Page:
16 April 2014

Blanket Statements About Recorded Copies

Generally speaking, local record copies of deeds and other original records do not contain the actual signature of your ancestor.

They contain the clerk's handwritten copy of your ancestor's signature. Some clerks may have tried to "copy" the "mark" your ancestor made if he did not sign his name, but there was rarely any attempt by the clerk to "match" the style of the signature on the original record with the transcription that constitutes the record copy.

Of course when recorded copies were reproduced by some type of "image capture" instead of being transcribed by hand or typewriter, the "signature" is a "picture" of the signature.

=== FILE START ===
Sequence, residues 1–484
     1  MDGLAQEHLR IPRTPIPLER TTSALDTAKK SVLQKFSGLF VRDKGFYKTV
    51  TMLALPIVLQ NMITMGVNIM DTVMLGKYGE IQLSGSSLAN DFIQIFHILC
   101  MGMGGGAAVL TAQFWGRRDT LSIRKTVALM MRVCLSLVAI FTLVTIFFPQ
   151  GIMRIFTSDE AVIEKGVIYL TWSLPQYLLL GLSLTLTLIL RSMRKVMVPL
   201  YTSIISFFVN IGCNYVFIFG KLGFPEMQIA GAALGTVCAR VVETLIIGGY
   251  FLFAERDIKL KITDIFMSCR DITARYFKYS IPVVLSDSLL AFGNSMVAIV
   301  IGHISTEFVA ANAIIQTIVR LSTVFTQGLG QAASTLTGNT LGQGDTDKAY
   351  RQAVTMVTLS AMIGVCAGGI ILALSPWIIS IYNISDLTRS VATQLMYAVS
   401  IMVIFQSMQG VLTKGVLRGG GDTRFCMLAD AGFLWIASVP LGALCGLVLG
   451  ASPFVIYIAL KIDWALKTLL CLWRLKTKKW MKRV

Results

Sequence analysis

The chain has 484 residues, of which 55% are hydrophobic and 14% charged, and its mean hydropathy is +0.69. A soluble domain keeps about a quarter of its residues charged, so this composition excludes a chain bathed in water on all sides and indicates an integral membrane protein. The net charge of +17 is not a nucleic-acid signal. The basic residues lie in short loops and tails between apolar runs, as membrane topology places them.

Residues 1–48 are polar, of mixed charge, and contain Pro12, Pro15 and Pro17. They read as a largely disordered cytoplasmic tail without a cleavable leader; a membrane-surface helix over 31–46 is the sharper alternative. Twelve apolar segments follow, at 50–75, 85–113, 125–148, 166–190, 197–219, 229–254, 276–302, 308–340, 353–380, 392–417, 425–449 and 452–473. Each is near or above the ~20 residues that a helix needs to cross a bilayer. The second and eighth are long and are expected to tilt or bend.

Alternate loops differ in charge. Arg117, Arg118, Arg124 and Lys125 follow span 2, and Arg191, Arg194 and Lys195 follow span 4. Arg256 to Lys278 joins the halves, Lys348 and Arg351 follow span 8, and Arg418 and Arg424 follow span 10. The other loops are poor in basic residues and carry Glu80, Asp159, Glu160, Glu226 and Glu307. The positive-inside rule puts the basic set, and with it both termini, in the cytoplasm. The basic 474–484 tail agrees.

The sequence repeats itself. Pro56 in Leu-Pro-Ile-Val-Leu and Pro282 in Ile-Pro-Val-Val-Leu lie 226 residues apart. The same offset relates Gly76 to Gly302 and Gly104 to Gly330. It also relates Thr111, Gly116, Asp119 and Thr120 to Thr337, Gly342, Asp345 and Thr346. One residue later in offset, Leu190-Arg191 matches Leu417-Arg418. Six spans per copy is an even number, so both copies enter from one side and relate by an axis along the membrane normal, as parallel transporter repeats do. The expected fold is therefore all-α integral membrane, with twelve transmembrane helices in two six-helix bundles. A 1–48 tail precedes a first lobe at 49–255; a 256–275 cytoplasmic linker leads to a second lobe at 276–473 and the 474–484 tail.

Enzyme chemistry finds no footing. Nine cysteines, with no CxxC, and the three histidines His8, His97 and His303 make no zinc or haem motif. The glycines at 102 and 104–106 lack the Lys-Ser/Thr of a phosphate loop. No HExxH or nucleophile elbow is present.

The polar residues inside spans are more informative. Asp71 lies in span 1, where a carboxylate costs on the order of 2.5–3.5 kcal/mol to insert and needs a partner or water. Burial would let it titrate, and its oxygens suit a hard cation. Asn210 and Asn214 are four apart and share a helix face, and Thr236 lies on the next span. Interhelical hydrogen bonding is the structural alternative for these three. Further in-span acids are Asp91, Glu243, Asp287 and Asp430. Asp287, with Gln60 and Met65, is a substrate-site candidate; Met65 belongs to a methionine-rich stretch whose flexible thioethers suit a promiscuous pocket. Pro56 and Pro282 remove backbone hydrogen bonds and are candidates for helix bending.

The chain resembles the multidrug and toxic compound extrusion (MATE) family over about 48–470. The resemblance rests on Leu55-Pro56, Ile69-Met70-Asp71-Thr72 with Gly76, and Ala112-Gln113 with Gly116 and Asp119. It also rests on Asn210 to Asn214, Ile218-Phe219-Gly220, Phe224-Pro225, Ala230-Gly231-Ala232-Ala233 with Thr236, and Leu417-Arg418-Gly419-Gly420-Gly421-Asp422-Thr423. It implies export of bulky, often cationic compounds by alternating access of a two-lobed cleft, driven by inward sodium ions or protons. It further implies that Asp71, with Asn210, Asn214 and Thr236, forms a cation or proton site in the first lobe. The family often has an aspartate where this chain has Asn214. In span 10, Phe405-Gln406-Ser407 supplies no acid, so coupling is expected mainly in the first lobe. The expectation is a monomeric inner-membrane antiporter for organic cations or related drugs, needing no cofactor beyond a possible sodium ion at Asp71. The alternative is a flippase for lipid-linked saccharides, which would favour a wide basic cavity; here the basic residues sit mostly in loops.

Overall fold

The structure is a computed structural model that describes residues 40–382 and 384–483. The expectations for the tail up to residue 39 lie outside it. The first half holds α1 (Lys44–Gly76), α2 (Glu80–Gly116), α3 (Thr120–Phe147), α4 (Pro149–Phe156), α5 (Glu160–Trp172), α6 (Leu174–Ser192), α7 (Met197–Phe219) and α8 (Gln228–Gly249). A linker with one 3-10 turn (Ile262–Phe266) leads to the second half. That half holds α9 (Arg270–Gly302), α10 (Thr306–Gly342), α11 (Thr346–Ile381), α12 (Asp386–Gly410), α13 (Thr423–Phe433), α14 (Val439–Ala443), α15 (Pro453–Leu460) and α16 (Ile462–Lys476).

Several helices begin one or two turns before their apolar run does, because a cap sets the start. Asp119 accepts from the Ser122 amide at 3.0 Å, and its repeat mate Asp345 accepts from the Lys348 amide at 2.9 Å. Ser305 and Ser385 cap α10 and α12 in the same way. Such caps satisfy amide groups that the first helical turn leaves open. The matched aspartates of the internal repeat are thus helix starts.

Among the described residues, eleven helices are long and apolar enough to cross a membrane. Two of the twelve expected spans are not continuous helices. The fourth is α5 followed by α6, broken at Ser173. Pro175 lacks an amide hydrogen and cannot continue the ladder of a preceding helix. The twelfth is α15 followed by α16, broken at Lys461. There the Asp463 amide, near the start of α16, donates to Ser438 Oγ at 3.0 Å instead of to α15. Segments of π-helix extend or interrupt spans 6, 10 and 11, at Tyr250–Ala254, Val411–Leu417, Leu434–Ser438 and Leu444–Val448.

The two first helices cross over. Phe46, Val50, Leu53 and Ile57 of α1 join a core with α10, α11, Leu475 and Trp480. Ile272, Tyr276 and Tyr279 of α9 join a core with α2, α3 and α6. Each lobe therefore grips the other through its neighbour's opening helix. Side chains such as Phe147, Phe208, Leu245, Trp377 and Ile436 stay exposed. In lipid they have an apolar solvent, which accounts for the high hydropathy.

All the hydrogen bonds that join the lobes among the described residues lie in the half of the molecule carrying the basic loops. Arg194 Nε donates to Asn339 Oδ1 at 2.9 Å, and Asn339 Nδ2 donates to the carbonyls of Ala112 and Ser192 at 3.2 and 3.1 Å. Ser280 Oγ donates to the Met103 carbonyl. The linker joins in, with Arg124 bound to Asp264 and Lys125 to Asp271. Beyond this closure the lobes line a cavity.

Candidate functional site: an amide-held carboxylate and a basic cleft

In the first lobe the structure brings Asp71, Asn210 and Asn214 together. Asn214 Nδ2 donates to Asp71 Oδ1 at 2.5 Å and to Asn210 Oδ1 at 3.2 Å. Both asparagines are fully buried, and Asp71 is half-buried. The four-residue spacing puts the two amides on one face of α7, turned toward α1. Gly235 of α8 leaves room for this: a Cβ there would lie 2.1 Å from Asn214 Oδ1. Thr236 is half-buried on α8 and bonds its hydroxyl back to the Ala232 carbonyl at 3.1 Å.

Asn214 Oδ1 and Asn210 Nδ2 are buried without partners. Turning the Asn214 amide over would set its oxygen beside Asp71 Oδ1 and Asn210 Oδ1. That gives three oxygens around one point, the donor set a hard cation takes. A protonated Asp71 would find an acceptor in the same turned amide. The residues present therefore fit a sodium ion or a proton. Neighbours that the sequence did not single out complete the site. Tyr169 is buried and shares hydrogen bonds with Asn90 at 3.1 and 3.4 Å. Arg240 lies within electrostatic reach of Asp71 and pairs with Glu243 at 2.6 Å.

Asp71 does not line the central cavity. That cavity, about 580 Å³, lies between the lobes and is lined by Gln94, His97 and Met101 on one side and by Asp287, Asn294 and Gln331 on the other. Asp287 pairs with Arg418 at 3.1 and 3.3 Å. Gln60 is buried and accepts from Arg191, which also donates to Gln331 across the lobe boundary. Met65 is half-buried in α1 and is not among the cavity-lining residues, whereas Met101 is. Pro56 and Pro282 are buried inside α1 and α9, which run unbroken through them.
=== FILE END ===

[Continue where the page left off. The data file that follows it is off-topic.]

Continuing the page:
This 1950 deed makes the point.

At some point before February of 1950 the Hancock County Recorder's Office stopped making manual copies of deeds and began using a photoduplication process as shown in this illustration.

When you conduct searches in record copies of documents do you indicate the process by which the record copy was made?

Would you give more credence to a handwritten transcription or an image copy such as this one?

Shouldn't your research notes indicate the type of record copy you were using?